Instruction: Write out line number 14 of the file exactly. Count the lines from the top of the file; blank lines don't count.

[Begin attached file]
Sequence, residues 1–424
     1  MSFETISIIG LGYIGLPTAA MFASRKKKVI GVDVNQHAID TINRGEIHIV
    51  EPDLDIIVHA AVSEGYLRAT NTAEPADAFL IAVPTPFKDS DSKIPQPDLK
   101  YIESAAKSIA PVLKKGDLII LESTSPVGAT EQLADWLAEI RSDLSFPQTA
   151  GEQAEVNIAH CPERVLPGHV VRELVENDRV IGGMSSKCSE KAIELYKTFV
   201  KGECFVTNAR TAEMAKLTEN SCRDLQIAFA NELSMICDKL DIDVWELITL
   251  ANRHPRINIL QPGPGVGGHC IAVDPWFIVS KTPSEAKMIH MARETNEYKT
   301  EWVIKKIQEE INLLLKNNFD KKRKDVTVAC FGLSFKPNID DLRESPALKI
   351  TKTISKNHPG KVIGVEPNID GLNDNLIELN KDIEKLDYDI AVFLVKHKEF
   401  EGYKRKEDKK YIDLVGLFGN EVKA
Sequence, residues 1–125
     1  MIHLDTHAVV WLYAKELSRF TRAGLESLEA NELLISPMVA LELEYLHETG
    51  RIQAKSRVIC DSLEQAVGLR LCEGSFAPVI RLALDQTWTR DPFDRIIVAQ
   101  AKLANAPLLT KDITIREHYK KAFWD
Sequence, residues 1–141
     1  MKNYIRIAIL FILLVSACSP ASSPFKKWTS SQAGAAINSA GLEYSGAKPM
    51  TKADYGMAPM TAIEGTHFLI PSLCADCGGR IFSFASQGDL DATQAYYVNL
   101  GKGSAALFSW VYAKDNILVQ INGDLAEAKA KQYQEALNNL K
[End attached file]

   101  AKLANAPLLT KDITIREHYK KAFWD